Koepka relishes chance to prove himself

By Rex HoggardFebruary 1, 2014, 3:26 pm

DUBAI, United Arab Emirates – He’s had to add more pages to his passport, while stockpiling enough sky miles to buy his own airline, and along the way he has side-armed the status quo with a trailblazing spirit that would make both Lewis and Clark blush.

All things considered, it’s been pretty standard stuff for Brooks Koepka.

“He didn’t have much of a junior record, and I told him I would be limited as to what I could do for him with a scholarship,” Florida State golf coach Trey Jones recently told your scribe. “He told me, ‘Don’t give me anything, I just want a place to play.’”

And play he has.

Koepka blazed his way through the Challenge Tour last year, winning three times on the secondary circuit to earn status on the European Tour. He also took a two-stroke lead into the final round of last fall’s Frys.com Open, the opening PGA Tour event for the 2013-14 season.

Dubai Desert Classic: Articles, videos and photos

Although he closed with a 1-over 72 to tie for third at the Frys, the long-hitting American didn’t spend much time lamenting his loss. He got back to work in December at the Thailand Golf Championship and set out this week on the back end of a month in the Middle East at the Dubai Desert Classic.

A second-round 65 pulled him to within one shot of the lead held by Rory McIlroy and midway through his round on Saturday he held a share of the lead for a time on a windy afternoon, but Koepka bogeyed three of his last seven holes to finish with a 2-under 70.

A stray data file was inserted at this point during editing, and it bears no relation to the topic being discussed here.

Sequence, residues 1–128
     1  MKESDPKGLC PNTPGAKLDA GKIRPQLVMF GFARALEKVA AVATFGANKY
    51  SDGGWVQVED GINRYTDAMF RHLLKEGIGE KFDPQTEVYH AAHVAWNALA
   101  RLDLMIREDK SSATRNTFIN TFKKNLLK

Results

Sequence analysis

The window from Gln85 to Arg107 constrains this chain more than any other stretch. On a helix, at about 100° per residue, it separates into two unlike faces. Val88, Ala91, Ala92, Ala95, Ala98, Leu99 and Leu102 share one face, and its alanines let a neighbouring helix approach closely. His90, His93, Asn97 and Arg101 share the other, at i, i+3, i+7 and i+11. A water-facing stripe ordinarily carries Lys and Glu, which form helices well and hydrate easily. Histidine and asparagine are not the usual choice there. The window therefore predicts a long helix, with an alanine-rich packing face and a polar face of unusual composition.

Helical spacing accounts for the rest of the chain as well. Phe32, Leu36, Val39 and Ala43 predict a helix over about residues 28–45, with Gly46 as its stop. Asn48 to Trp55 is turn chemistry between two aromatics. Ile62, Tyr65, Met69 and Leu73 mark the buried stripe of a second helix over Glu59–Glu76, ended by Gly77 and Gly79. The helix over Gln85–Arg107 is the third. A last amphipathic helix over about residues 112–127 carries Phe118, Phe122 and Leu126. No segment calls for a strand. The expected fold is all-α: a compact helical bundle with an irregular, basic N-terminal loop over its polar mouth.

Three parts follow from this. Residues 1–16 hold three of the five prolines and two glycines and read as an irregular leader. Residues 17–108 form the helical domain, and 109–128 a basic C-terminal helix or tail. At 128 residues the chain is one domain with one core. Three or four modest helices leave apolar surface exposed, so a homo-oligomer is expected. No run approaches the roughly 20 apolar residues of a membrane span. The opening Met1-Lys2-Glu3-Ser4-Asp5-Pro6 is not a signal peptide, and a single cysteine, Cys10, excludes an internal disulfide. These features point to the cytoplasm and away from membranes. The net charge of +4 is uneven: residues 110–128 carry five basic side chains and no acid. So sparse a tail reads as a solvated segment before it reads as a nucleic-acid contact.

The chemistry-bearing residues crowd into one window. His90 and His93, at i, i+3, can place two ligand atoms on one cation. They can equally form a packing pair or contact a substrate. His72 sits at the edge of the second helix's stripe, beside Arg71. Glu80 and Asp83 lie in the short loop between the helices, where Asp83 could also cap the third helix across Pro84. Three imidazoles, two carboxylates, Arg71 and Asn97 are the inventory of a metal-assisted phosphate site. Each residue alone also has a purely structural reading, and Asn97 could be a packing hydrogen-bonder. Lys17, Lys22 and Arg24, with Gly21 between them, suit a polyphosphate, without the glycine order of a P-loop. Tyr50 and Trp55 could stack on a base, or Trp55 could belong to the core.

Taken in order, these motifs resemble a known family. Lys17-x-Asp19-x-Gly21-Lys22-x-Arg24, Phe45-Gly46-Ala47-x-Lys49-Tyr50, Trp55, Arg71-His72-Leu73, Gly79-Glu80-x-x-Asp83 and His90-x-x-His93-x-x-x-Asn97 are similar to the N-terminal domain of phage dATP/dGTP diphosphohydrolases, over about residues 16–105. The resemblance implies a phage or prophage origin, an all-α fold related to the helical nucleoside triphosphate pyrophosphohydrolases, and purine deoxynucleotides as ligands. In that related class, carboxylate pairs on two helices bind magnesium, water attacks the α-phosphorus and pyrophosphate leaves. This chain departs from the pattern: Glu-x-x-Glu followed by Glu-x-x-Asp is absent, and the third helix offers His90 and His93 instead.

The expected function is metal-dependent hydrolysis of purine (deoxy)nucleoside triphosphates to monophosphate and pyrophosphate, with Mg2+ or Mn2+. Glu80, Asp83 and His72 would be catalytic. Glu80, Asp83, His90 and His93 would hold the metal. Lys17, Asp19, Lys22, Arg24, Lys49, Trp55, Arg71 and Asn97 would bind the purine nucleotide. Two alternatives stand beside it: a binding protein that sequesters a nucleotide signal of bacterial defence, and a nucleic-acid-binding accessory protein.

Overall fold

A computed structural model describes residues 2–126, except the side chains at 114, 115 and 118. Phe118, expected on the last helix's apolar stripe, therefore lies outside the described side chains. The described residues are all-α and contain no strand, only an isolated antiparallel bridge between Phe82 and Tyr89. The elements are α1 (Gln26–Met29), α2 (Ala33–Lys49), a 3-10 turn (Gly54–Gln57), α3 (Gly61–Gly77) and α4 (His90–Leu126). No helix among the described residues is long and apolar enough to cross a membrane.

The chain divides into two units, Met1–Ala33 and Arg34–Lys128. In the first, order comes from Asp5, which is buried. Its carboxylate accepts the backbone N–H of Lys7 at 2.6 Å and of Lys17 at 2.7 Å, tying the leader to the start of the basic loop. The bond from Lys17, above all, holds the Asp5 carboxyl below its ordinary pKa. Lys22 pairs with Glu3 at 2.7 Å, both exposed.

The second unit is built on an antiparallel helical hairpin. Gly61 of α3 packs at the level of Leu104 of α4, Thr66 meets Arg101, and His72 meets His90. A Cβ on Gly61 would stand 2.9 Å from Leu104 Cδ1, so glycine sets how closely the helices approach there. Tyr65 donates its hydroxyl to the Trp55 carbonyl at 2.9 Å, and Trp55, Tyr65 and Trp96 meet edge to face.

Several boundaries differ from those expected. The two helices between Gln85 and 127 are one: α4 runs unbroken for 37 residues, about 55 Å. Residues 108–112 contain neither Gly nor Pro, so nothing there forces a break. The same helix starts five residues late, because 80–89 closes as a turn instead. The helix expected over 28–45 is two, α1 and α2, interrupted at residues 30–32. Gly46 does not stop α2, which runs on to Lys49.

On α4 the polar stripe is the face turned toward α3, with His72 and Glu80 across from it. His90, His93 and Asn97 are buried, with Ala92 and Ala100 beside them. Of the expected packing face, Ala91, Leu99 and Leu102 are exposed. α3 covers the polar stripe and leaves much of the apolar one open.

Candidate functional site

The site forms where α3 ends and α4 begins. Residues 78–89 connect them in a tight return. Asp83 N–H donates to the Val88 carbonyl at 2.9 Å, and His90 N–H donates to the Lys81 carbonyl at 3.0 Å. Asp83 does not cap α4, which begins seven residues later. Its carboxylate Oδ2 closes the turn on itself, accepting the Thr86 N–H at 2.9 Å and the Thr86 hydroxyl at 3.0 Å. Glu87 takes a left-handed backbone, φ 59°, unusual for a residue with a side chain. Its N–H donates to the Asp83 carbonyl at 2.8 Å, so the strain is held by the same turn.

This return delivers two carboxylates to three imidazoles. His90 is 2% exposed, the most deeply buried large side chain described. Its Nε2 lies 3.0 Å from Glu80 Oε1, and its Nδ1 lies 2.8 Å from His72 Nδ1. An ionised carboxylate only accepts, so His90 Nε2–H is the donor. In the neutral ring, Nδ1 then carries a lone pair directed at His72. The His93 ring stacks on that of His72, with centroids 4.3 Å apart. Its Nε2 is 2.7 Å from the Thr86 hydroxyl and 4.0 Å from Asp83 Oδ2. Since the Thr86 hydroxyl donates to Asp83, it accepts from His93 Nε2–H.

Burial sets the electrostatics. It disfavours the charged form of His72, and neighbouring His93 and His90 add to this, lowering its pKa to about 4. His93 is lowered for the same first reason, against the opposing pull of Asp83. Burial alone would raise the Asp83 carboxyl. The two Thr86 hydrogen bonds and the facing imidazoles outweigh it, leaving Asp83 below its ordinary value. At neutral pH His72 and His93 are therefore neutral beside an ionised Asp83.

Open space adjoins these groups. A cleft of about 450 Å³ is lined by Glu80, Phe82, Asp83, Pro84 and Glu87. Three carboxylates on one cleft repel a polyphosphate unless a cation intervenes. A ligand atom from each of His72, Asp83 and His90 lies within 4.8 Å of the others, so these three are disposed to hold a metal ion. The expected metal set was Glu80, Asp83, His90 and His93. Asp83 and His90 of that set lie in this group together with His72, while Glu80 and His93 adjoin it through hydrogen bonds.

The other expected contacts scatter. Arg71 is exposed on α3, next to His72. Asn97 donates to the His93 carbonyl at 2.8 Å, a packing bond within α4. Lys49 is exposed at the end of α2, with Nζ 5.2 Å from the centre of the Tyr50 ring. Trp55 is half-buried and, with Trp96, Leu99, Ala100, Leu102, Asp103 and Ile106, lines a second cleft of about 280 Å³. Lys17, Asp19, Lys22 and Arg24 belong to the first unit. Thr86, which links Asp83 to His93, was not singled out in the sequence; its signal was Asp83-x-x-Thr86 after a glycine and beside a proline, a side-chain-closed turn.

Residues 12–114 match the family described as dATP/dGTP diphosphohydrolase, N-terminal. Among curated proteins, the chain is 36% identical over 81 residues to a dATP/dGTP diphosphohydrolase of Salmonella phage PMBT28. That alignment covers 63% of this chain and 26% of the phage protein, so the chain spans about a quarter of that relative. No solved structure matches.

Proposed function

He will begin Sunday’s final turn tied for third and four strokes behind frontrunner Stephen Gallacher. Or, put another way, pretty much exactly where he wants to be.

If nothing else, Koepka is a gamer. He shares a house in south Florida with fellow European Tour standout Peter Uihlein and, on the rare occasions they are home together, the duo go head-to-head at every turn.

“Everything is competitive in that house,” he smiled.

It’s in Koepka’s DNA. Winning is the ultimate goal, but primarily he is driven to compete, which is why Sunday’s deficit in Dubai, or his late struggles in Round 3, didn’t seem to bother him.

“He loves to compete,” said Claude Harmon III, Koepka’s swing coach. “Anything, he just likes it. He goes out today and he played with Rory (McIlroy) and he’s freewheeling. He drives the green at the (par-4) second hole. It’s what he lives for.”

Koepka’s road less traveled motors down familiar lanes following Sunday’s final round, however the birdies and bogeys may fall.

According to his manager with Hambric Sports, Koepka will head home to south Florida and, depending on his finish on Sunday, is hoping to play the WGC-Accenture Match Play Championship.

He is currently 93rd in the Official World Golf Ranking and would likely need a victory to crack the top 64 and earn a trip to Tucson. Ironically, if he does land a spot at the year’s first World Golf Championship he could bump Uihlein, who is 66th in the world but missed the cut in Dubai, out of the field.

After that he plans to play the Honda Classic and Puerto Rico Open, both on sponsor exemptions, before returning to the European Tour in Asia after the Masters.

It’s also worth noting that even his vagabond ways are a bit of a competition. By his best estimates, he figures he's played in 21 different countries since leaving Florida State. He’s eaten horse in Kazakhstan - cue the Borat jokes - hoisted trophies in Scotland, Spain and Italy; and has no intentions of trading in his European Tour card for the safer confines of the PGA Tour.